System Build Report: A Xeon-D “HTPC” for FreeBSD Corral or VMware vSphere

I’ve been planning to do some network testing and deploy some new storage for VMware vSphere in the home lab. My Synology NAS boxes (DS1513+ and DS1813+) have good performance but are limited to four 1GbE ports each, and my budget won’t allow a 10GbE-capable Synology this spring. [See below for a note on those $499 Synology systems on Amazon.] Continue reading

First look: Checking out the “antsle” personal cloud server

Most of you know I don’t shy away from building (or refurbishing) my own computers. I used to draw the line at laptops, but in the last couple of years I’ve even rebuilt a few stripped-for-parts Dell and Toshiba laptops for the fun of it. Warped definition of “fun,” I’ll admit.

So when I saw a Facebook ad for a “cloud server” called “antsle,” I was curious but unconvinced. It was something like this:

The idea is you’re buying a compact, fanless, silent microserver that, in addition to some fault-tolerant hardware (mirrored SSD, ECC RAM), includes a proprietary user interface for managing and monitoring containers and virtual machines. You can cram up to 64GB of RAM in there, and while it only holds two internal drives, you can add more via USB 2.0 or USB 3.0, for up to 16TB of officially supported capacity. Not too bad, but I’ve been known to be cheap and/or resourceful, so I priced out a similar configuration assuming I’d build it myself.  Continue reading

Overkill in the rsts11 lab workshop – a homelab update for 2017

After being chosen as a VMware vExpert for 2017 this month, I was inspired to get working on refreshing my vSphere “homelab” environment despite a busy travel month in late February/early March. This won’t be a deep technical dive into lab building; rather, I just wanted to share some ideas and adventures from my lab gear accumulation over the past year.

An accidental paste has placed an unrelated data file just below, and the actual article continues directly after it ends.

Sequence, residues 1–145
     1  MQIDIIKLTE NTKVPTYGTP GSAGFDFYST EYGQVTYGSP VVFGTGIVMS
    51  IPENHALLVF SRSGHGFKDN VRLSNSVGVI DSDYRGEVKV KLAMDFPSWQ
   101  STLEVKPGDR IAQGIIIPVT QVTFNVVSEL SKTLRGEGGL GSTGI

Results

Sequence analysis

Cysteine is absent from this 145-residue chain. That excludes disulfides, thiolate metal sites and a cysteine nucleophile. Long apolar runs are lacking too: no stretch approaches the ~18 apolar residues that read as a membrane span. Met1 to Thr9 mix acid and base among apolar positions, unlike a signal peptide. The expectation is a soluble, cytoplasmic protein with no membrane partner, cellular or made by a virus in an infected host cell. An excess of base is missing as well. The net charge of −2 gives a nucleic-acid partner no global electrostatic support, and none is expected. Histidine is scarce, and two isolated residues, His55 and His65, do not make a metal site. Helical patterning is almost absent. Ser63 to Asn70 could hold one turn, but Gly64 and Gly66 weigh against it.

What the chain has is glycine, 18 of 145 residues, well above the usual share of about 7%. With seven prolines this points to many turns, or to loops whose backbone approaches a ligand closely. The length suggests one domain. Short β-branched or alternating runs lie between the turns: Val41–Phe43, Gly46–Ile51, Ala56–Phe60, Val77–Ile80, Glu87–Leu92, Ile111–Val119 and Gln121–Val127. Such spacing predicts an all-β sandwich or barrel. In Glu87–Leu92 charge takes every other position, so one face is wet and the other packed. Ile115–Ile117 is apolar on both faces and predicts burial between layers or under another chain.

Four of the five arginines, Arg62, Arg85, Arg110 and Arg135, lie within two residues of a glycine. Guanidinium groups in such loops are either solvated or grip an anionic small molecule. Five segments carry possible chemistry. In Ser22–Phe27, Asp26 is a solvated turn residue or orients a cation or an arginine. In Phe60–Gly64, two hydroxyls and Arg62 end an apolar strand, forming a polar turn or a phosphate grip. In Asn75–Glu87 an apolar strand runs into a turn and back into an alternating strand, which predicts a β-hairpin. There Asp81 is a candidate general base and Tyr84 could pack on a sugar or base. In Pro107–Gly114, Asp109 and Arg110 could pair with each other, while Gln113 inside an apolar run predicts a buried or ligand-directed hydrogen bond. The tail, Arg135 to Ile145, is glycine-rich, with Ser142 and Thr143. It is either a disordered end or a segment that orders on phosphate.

As a disclosure, while I do work for Cisco, my vExpert status and homelab building are at most peripherally-connected (the homelab at home connects to a Meraki switch whose license I get an employee discount on, for example). And even though I’m occasionally surprised when I use older higher end Dell or HP gear, it’s not a conflict of interest or an out-of-bounds effort. It’s just what I get a great deal on at local used hardware shops from time to time.

The legacy lab at Andromedary HQ

Also read: New Hardware thoughts for home labs (Winter 2013)

C6100

Stock Photo of a Dell C6100 chassis

Continue reading

Lowered Expectations – How Low Can Your Laptop Go?

[An Interop Aside: I visited with a couple of vendors at Interop who are sending some gear for me to explore. I’m holding off on their coverage until that happens, although another summary post may be forthcoming.]

I’m a big laptop fan. Afficionado, not cooler, mind you. It’s a problem, especially since my recent rebuild acquisitions and components are blocking the fireplace at the moment.

There’s been a disturbing trend over the last couple of years, whereby laptop manufacturers decide to move more toward the netbook specifications for memory (and often storage), rather than to the state of the art for the current generation of laptop processors. I was commiserating with my friend John Obeto about this recently.

For a couple of months now, you’ve been able to order a Dell Precision 7000-series laptop with 64GB of RAM. That’s twice as much as many desktops can handle today. And even if you don’t have room for four DIMM slots in your laptop design, DDR4 16GB SODIMMs are very affordable and readily available even at retail. So there’s really no reason for a 13″ or larger laptop to have an 8GB limit.

But it is the way of the world, for most lightweight laptops these days. Even Dell’s remarkable XPS 13 9343 maxed at 8GB – the 9350 model this year has a 16GB option but it’s online order only (and in the $2000 range as I recall). Continue reading